There's no two ways about it: The Voyage's screen is downright phenomenal (I fear my pictures don't do it justice). The 6-inch display manages to squeeze in a full 300 pixels per inch, bringing it closer to actual ink on paper than any other E Ink screen I've seen (Kobo's Aura HD has a bigger screen, so the pixel density there doesn't quite match the Voyage). I seriously spent the better part of an afternoon just sort of marveling at it, firing up different books, fiddling with typefaces/font sizes/margins and generally trying to find some arcane combination that made the onscreen text look suboptimal. No dice: This thing is a champ, especially when you consider how awful my eyes are.

    Traditional e-readers have never been ideal for images, but the Voyage (generally) handles them with gusto. Consider the humble graphic novel: Thumbing through Bryan Lee O'Malley's Seconds wasn't bad at all on the Paperwhite, with lovingly crafted images and text boxes coming through clearly. It wasn't until I put it next to the Voyage that I realized what I was missing -- details that were glossed over on the Paperwhite were easy to spot on the Voyage's high-res display. A menu that appeared smudgy and indistinct on the Paperwhite came through with surprising clarity on the Voyage; I could tell Katie's restaurant was serving "smoked cornish hen, buttermilk mashed tubers & whipped pork fat and pickled asparagus," and that was before I zoomed in. Naturally, digital comic die-hards should invest in a good tablet, but the Voyage is no slouch. Some would argue that trying to cram more pixels into an E Ink screen is overkill. Amazon clearly doesn't buy that argument, and for that I'm very grateful.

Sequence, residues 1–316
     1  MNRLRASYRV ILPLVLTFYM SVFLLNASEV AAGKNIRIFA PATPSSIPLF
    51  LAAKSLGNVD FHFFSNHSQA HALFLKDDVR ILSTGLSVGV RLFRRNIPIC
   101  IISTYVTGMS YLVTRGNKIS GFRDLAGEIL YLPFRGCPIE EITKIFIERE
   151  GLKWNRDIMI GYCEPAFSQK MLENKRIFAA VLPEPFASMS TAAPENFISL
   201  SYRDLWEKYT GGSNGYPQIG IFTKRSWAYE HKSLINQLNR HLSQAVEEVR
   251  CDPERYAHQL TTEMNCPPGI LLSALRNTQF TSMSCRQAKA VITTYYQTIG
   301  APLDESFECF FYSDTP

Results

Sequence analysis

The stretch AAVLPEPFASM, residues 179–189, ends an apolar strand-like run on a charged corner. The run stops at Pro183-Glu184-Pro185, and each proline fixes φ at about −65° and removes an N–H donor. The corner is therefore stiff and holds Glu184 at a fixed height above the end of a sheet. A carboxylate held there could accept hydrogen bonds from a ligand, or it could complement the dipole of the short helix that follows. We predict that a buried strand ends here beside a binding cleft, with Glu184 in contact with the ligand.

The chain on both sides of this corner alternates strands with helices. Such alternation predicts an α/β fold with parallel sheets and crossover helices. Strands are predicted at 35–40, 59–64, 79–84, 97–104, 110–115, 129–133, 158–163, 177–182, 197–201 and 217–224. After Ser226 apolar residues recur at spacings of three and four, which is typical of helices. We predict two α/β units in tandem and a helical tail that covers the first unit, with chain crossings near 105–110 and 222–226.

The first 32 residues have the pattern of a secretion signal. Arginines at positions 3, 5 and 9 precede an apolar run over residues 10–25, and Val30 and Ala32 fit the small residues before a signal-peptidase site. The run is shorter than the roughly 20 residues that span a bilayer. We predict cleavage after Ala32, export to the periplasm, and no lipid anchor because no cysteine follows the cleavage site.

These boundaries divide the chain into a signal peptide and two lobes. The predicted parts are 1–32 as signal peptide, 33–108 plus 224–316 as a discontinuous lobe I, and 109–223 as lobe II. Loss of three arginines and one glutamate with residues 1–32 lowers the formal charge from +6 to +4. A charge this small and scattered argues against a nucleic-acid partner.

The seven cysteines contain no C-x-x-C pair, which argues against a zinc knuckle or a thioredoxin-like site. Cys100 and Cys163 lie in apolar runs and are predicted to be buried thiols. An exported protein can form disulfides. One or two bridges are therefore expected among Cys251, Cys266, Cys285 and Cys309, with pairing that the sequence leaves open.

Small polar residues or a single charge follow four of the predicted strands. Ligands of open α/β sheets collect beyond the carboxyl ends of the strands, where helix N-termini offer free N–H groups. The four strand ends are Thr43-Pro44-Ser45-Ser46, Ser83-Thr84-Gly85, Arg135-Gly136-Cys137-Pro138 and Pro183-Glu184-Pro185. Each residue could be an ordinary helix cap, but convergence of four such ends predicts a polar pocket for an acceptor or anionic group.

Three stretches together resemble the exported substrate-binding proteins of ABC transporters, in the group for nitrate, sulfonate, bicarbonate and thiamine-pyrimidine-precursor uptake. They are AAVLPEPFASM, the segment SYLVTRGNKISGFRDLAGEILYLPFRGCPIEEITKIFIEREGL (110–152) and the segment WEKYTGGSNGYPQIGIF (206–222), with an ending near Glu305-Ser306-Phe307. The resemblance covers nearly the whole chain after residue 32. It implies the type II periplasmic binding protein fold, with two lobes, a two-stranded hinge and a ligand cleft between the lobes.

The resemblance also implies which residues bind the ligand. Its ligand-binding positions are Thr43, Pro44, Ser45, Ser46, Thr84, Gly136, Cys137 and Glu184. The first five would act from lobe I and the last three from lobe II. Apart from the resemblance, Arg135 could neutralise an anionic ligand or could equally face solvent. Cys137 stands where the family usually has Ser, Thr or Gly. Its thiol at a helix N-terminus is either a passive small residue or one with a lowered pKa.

Surprisingly, the screen feels a little different too, since Amazon chemically etched the surface to reduce glare. That enhanced glass diffuses light well, but the effect isn't as pronounced as I'd hoped -- the Voyage dispenses with glare only slightly more effectively than the Paperwhite does. Doesn't sound great, I know, but I've never had an issue when too much sunlight threw a wrench into my afternoon reading plans. Speaking of lighting, the Voyage has a new trick up its sleeve: It now has an ambient light sensor so it can adjust backlighting level automatically. It works, albeit a little sluggishly, taking a few seconds to adjust to your surroundings. You might think all these lighting tweaks would have some sort of impact on battery life, but the Voyage seems about as efficient as the rest of its kin. Amazon says you'll be able to squeeze about six weeks out of a single charge... assuming you're only reading a half hour a day. My week of testing and reading has been way more rigorous than that, though, and the Voyage is still hanging in there with about 30 percent left.

    Since an e-reader's display is so intrinsically tied to how well it performs overall, let's dig a little deeper into how the Voyage runs here. Amazon isn't keen on talking about what kind of processor hums away inside that shell, but overall it's plenty snappy... especially compared to the older Paperwhite I had on hand. Turning pages, popping back to the home screen and poring through the Kindle Store on the Voyager were generally way faster than on my 2012 Paperwhite, though the occasional full-screen refresh evened the race sometimes. Interestingly enough, some things -- like turning the screen on and off -- took nearly the same amount of time.